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The Television Wars



Thanks to months of government-sponsored commercials for cable converter boxes, almost all of us expect a transition from analog television signals to exclusively digital television next month. But the incoming Obama administration is advocating that the great flipping of the analog switch to the "off" position be delayed, citing a shortage of funding for converter box coupons.

Ars Technica now reports that a key DTV adviser to the Obama transition team may have a financial interest in delaying the DTV transition:

Among those with a vested interest in the debate over a DTV delay is Clearwire, which has been racing to deploy its 4G WiMAX networks ahead of competitors wedded to the LTE standard. And Ars has learned that Clearwire Executive Vice President R. Gerard Salemme has been playing a key advisory role on the DTV changeover within the Obama transition team.

Ars explains how any DTV delay will disadvantage Verizon, a Clearwire competitor:

[A] longer, more disruptive delay might provide some breathing room for Verizon competitor Clearwire. That company is seeking to build market share for its own WiMAX network, a joint venture with Sprint, before LTE is ready for prime time. Clearwire has boasted that it remains years ahead of the competition, but while WiMAX networks in Portland and Baltimore are already up and running, scheduled expansions to other cities have been delayed until late 2009, even as Verizon has bumped up its own schedule. The company's stock has now been in free-fall for months, and several major backers recently announced they would take major write-downs on their investments in Clearwire. (The roster of large investors in Clearwire includes Obama-ally Google.) A toxic negative feedback loop in investor confidence could leave it unable to finance its promised buildouts for 2009. With any transition delay certain to push the spectrum handover into the next quarter of the fiscal year, if not further, the attendant uncertainty could also factor into investment decisions as Wall Street--and equipment makers--decide which standard to back...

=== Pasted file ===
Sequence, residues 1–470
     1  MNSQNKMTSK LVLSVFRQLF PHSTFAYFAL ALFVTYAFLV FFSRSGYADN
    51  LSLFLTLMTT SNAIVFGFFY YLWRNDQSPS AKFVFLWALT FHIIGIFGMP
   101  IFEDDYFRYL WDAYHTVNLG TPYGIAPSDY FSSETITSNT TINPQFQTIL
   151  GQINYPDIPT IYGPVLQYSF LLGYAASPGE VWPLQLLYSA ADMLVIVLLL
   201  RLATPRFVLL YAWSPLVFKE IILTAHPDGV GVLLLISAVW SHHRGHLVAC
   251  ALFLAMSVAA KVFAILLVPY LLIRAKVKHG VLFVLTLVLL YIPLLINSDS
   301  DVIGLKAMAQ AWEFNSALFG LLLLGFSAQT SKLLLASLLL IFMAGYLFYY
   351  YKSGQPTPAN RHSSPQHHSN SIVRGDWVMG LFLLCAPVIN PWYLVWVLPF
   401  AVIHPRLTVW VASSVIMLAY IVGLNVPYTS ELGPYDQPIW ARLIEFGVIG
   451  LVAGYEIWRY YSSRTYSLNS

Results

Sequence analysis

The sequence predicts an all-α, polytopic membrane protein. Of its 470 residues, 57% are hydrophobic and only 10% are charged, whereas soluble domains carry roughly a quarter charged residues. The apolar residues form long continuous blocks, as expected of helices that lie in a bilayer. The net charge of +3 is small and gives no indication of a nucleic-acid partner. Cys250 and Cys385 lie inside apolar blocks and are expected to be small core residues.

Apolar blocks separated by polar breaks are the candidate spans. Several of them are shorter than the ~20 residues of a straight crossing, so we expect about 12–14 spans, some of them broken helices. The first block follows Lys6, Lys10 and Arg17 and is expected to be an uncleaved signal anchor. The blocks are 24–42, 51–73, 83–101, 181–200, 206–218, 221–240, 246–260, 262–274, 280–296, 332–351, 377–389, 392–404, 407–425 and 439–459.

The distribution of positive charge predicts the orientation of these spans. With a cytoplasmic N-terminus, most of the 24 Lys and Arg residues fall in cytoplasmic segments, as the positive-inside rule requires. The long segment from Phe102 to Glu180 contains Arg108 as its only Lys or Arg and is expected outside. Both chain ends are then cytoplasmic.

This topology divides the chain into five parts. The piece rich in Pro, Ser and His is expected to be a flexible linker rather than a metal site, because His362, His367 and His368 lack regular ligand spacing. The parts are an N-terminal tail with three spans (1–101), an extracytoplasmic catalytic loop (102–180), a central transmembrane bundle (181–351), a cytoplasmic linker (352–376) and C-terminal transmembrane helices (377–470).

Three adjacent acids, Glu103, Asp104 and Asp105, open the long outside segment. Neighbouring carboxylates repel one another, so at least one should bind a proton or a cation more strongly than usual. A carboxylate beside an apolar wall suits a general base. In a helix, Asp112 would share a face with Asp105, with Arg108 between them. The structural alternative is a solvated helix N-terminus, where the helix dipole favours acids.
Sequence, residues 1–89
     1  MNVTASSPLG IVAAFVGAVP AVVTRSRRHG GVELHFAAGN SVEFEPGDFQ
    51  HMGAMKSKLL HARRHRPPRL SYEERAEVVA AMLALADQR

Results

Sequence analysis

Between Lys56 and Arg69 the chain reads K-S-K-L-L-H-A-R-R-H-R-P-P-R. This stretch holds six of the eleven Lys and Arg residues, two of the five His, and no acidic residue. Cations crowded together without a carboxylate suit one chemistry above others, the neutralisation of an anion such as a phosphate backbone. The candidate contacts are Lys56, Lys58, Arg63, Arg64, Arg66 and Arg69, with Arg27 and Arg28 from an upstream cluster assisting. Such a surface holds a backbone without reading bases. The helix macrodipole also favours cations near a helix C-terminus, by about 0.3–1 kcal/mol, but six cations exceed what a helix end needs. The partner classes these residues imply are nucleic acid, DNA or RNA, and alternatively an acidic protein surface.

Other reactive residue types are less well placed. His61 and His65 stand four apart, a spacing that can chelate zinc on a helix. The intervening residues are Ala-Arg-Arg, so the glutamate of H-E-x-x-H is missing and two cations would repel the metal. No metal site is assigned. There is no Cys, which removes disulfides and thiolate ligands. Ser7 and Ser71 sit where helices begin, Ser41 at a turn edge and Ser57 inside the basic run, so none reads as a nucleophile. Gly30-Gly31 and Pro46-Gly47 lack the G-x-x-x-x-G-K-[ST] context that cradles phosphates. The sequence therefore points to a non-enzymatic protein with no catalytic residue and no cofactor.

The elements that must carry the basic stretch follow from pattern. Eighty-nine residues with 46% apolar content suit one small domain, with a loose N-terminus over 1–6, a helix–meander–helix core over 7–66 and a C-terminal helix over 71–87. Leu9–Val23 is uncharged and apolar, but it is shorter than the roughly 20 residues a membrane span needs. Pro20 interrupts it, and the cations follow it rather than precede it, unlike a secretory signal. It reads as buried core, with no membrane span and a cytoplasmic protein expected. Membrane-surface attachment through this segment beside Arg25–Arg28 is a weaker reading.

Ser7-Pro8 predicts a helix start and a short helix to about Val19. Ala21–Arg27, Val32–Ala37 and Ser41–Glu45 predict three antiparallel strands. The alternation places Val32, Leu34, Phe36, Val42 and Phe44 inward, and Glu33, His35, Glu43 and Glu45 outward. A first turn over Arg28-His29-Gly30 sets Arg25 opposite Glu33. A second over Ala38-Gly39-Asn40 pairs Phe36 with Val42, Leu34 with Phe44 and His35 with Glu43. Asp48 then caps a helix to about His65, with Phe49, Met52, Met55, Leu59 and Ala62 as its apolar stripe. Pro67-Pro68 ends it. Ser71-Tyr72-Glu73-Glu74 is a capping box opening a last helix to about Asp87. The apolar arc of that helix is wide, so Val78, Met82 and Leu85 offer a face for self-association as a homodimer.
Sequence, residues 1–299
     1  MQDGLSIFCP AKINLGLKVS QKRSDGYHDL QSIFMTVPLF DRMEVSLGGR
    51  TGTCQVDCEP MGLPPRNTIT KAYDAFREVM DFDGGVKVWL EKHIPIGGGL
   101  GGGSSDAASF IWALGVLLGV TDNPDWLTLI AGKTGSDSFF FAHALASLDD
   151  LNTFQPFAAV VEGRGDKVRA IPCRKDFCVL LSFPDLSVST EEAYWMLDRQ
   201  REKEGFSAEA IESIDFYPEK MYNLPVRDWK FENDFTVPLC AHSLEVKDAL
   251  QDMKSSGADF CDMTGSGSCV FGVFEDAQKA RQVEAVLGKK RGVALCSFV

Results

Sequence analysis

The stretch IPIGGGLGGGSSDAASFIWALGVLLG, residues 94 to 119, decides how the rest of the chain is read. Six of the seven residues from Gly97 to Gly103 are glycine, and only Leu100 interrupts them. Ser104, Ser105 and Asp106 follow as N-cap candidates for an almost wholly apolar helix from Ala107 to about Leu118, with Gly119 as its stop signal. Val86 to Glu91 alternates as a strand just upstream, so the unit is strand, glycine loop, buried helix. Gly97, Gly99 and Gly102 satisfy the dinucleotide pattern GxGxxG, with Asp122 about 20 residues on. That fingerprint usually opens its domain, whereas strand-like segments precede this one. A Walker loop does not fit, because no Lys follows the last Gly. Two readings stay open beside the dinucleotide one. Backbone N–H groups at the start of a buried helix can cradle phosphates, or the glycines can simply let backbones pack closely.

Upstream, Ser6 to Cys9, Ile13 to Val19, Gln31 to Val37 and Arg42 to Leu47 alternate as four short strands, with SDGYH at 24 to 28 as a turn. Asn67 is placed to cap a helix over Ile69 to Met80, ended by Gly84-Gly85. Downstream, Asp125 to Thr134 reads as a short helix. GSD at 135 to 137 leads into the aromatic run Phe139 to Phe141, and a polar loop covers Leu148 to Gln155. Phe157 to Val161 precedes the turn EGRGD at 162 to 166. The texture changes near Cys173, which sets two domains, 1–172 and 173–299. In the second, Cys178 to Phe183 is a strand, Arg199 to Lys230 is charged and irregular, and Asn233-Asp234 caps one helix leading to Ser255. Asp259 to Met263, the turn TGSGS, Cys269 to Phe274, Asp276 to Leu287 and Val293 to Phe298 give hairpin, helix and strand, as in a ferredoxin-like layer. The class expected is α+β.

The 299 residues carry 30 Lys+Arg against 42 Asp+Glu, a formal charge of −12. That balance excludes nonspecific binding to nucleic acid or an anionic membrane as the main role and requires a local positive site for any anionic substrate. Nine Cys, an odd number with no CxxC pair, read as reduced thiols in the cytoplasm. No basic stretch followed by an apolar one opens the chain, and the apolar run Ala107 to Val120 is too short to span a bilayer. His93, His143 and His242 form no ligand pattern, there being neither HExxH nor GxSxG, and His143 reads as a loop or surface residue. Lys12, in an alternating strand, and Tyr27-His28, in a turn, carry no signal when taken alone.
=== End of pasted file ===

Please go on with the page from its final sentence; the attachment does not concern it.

[Salemme's] high position with a primary competitor of Verizon--the company most vocally protesting that it would be adversely affected by a delay--creates an unavoidable appearance of conflict of interest.

Litigation may ensue if a transition delay prevents companies that have purchased portions of the soon-to-be-free analog spectrum for new purposes from taking possession on schedule. As FCC Commissioner Robert McDowell stated last week, "there are companies paying hundreds of billions of dollars to use this spectrum, and they expect the goods to be delivered."

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Rafael Mangual
Project Manager,
Legal Policy
rmangual@manhattan-institute.org

Katherine Lazarski
Manhattan Institute
klazarski@manhattan-institute.org

 

Published by the Manhattan Institute

The Manhattan Insitute's Center for Legal Policy.